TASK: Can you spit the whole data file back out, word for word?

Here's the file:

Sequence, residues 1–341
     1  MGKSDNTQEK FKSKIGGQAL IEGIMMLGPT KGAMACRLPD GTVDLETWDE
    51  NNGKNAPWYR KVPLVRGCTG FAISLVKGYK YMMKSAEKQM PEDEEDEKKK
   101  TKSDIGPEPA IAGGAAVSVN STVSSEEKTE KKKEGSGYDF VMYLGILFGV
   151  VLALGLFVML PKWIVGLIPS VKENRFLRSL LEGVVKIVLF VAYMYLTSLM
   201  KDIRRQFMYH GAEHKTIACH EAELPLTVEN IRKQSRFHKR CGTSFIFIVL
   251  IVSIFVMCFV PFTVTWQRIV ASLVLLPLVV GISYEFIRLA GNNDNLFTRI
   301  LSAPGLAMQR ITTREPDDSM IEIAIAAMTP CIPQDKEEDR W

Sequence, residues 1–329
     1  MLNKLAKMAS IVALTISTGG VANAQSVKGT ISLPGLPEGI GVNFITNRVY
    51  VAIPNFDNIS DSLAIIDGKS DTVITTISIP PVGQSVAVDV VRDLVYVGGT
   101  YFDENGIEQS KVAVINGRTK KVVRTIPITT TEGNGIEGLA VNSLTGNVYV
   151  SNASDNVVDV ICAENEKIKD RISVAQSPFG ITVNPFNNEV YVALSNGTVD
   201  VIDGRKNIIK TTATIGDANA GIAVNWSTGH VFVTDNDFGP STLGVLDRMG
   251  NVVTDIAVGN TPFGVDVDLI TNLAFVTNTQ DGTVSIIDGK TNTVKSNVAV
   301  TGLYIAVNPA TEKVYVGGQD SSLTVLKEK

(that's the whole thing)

Sequence, residues 1–341
     1  MGKSDNTQEK FKSKIGGQAL IEGIMMLGPT KGAMACRLPD GTVDLETWDE
    51  NNGKNAPWYR KVPLVRGCTG FAISLVKGYK YMMKSAEKQM PEDEEDEKKK
   101  TKSDIGPEPA IAGGAAVSVN STVSSEEKTE KKKEGSGYDF VMYLGILFGV
   151  VLALGLFVML PKWIVGLIPS VKENRFLRSL LEGVVKIVLF VAYMYLTSLM
   201  KDIRRQFMYH GAEHKTIACH EAELPLTVEN IRKQSRFHKR CGTSFIFIVL
   251  IVSIFVMCFV PFTVTWQRIV ASLVLLPLVV GISYEFIRLA GNNDNLFTRI
   301  LSAPGLAMQR ITTREPDDSM IEIAIAAMTP CIPQDKEEDR W

Sequence, residues 1–329
     1  MLNKLAKMAS IVALTISTGG VANAQSVKGT ISLPGLPEGI GVNFITNRVY
    51  VAIPNFDNIS DSLAIIDGKS DTVITTISIP PVGQSVAVDV VRDLVYVGGT
   101  YFDENGIEQS KVAVINGRTK KVVRTIPITT TEGNGIEGLA VNSLTGNVYV
   151  SNASDNVVDV ICAENEKIKD RISVAQSPFG ITVNPFNNEV YVALSNGTVD
   201  VIDGRKNIIK TTATIGDANA GIAVNWSTGH VFVTDNDFGP STLGVLDRMG
   251  NVVTDIAVGN TPFGVDVDLI TNLAFVTNTQ DGTVSIIDGK TNTVKSNVAV
   301  TGLYIAVNPA TEKVYVGGQD SSLTVLKEK